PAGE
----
Homelessness is on the increase. In 1985 the number of households that were accepted as homeless was 9,200 in Wales. That is 7·4 per cent. higher than in 1984. Newport is a black spot, with a rate of 10 households in 1.000 becoming homeless.

    We need to improve existing homes and build new ones. Poor housing is a false economy. It merely stores up problems for the future; yet house building creates more jobs for every pound spent than any other form of Government spending. We have thousands of construction workers on the dole in Wales and a massive shortage of decent homes. The arithmetic is simple. Housing investment makes economic as well as social sense.

    I now turn to the vexed question of mass unemployment. It has plagued Wales throughout the eight years that the Government have been in office. With proper Government backing our local authorities could do much about this matter. The Government are now claiming that unemployment in Wales is falling. The Labour party welcomes any improvement in the situation. The CBI says that there is buoyancy in the economy. It is worth reminding the House that it said the same thing before the last election in 1983 but the subsequent three years saw further massive job losses and economic decline. The utterances of the Government and the CBI on unemployment and the state of the economy contain as much truth and authenticity as those wartime broadcasts of Lord Haw Haw from Germany.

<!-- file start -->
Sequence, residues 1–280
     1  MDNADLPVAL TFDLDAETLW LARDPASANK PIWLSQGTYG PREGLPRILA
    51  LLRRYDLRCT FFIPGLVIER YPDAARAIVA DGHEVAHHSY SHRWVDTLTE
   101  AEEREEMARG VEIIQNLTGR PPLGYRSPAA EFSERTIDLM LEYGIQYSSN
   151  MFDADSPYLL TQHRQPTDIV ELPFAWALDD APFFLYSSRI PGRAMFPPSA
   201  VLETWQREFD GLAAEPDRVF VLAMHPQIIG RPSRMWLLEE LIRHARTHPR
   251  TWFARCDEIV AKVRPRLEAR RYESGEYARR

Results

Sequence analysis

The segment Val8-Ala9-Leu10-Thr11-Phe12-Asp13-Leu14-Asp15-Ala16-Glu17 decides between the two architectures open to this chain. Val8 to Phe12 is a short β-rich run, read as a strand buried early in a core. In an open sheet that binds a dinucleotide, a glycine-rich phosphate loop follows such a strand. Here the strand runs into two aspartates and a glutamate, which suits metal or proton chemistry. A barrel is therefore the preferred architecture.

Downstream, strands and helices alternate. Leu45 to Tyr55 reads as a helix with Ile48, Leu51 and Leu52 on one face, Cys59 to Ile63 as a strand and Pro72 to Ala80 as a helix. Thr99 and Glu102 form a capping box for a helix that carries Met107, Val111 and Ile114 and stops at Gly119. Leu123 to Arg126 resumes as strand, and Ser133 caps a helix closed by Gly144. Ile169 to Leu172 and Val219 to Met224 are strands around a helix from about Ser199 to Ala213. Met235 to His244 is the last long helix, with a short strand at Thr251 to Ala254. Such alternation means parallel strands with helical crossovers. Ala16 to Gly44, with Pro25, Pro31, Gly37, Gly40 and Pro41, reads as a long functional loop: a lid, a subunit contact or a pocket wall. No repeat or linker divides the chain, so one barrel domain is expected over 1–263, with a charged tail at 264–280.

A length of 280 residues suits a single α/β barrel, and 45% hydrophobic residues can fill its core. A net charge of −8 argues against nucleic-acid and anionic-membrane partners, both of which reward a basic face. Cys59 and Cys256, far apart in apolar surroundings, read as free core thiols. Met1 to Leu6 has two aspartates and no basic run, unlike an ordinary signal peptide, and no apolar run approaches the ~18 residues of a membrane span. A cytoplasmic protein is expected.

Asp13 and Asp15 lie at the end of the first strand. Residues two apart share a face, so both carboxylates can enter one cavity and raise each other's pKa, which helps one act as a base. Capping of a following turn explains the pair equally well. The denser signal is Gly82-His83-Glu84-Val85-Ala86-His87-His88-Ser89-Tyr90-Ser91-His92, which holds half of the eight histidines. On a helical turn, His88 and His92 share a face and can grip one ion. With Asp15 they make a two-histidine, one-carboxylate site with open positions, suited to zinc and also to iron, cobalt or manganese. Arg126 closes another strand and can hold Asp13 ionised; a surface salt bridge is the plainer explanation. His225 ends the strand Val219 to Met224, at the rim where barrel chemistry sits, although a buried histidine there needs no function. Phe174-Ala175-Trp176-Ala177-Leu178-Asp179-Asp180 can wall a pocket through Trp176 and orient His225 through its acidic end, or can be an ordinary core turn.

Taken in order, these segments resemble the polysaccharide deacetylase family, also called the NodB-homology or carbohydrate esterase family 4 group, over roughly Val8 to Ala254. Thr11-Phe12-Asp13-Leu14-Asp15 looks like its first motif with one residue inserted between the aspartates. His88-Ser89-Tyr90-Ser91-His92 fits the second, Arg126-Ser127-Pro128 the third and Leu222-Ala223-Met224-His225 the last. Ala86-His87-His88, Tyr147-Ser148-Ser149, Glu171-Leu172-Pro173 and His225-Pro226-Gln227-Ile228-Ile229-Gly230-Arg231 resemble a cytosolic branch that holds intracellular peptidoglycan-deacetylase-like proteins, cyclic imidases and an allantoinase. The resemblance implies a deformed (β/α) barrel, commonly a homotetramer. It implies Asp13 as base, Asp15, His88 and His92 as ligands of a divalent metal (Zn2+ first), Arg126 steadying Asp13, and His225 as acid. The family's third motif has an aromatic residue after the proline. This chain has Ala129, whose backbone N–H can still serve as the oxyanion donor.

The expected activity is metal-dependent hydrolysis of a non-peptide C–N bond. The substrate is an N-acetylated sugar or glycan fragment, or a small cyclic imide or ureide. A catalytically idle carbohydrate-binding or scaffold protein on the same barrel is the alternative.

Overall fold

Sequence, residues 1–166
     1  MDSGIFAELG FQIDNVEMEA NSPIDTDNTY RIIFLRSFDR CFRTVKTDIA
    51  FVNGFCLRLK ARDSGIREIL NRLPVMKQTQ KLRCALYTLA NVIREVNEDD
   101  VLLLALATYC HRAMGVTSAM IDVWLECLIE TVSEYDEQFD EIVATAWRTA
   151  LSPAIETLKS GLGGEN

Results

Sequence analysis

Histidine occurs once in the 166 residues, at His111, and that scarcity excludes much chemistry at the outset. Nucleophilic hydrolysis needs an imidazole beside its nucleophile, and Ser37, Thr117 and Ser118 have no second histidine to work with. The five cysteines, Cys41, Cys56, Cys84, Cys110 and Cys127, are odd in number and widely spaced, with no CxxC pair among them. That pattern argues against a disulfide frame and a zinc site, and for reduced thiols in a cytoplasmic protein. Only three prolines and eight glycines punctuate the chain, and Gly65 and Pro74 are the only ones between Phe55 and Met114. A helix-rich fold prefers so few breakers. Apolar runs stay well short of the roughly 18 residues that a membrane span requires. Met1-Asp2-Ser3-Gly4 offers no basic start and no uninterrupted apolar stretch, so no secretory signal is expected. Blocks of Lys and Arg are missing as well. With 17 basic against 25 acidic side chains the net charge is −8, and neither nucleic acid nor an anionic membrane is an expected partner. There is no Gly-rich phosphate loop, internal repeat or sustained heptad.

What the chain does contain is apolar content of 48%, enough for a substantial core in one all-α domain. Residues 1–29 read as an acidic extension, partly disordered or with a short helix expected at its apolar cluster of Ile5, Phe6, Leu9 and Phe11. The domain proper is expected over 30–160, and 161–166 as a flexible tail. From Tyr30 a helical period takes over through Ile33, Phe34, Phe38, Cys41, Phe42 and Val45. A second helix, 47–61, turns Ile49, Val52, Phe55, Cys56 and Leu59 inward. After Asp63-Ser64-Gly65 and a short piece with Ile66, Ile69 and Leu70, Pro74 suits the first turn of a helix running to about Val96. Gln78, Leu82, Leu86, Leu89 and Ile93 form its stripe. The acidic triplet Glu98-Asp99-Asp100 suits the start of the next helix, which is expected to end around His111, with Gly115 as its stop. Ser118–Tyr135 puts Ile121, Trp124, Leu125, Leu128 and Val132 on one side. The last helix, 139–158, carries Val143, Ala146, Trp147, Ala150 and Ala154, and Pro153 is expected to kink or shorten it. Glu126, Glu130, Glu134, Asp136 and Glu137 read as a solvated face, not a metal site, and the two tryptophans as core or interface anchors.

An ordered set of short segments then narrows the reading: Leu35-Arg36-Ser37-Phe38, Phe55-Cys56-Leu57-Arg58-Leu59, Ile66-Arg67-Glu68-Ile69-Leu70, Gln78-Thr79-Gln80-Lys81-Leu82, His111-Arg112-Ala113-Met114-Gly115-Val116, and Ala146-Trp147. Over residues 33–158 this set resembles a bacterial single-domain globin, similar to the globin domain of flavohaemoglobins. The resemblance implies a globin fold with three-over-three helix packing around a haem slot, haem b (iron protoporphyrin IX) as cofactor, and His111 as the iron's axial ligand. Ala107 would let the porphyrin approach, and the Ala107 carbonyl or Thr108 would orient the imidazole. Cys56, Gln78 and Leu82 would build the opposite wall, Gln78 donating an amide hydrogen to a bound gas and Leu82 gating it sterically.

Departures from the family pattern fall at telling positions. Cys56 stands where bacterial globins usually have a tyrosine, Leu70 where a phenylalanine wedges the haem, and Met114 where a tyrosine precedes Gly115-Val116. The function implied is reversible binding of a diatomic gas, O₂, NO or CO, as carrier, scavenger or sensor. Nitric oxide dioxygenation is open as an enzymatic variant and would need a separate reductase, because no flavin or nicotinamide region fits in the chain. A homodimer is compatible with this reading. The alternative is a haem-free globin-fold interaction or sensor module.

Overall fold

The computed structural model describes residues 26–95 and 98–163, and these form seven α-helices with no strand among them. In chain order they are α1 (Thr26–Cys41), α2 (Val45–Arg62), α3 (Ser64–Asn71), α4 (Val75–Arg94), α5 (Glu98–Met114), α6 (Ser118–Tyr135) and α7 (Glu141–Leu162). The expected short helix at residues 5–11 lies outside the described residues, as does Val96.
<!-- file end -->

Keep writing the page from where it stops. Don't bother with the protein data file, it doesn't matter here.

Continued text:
Has the hon. Gentleman noted that the Wales CBI, which often has been cautious in its statements and frequently critical of the Government, has seldom been as optimistic as it has recently? That is the Wales CBI, as opposed to the CBI for the United Kingdom.

    The answer is simple. The last time that it was optimistic was on the eve of the 1983 general election. It is merely a case of history repeating itself.

    The recent report of the Wales TUC is far more realistic when it points out that there are more people without what it calls "regular work" than there were a year ago. It says that there is an increase of 6,933, or 3·8 per cent. There is some difference between the two versions.

    The difference in the two points of view is that so many thousands of people have been recruited on Government schemes of one sort of another. Mike Smith, the industrial editor of the Western Mail, clearly sets this out in an article on 4 May. It says:
    "The latest figures for such schemes in Wales show that there are more than 21,000 people taking part in the Youth Training Scheme; 22,727 in the Community Programme; 5,000 taking advantage of the Enterprise Allowance Scheme and more than 4,000 in other employment schemes. This makes a total of more than 53,000 people.
    In addition there has been a major attempt to encourage and help other unemployed people into regular jobs, training or special employment schemes under the Restart programme. So far more than 57,000 have been interviewed in Wales under Restart."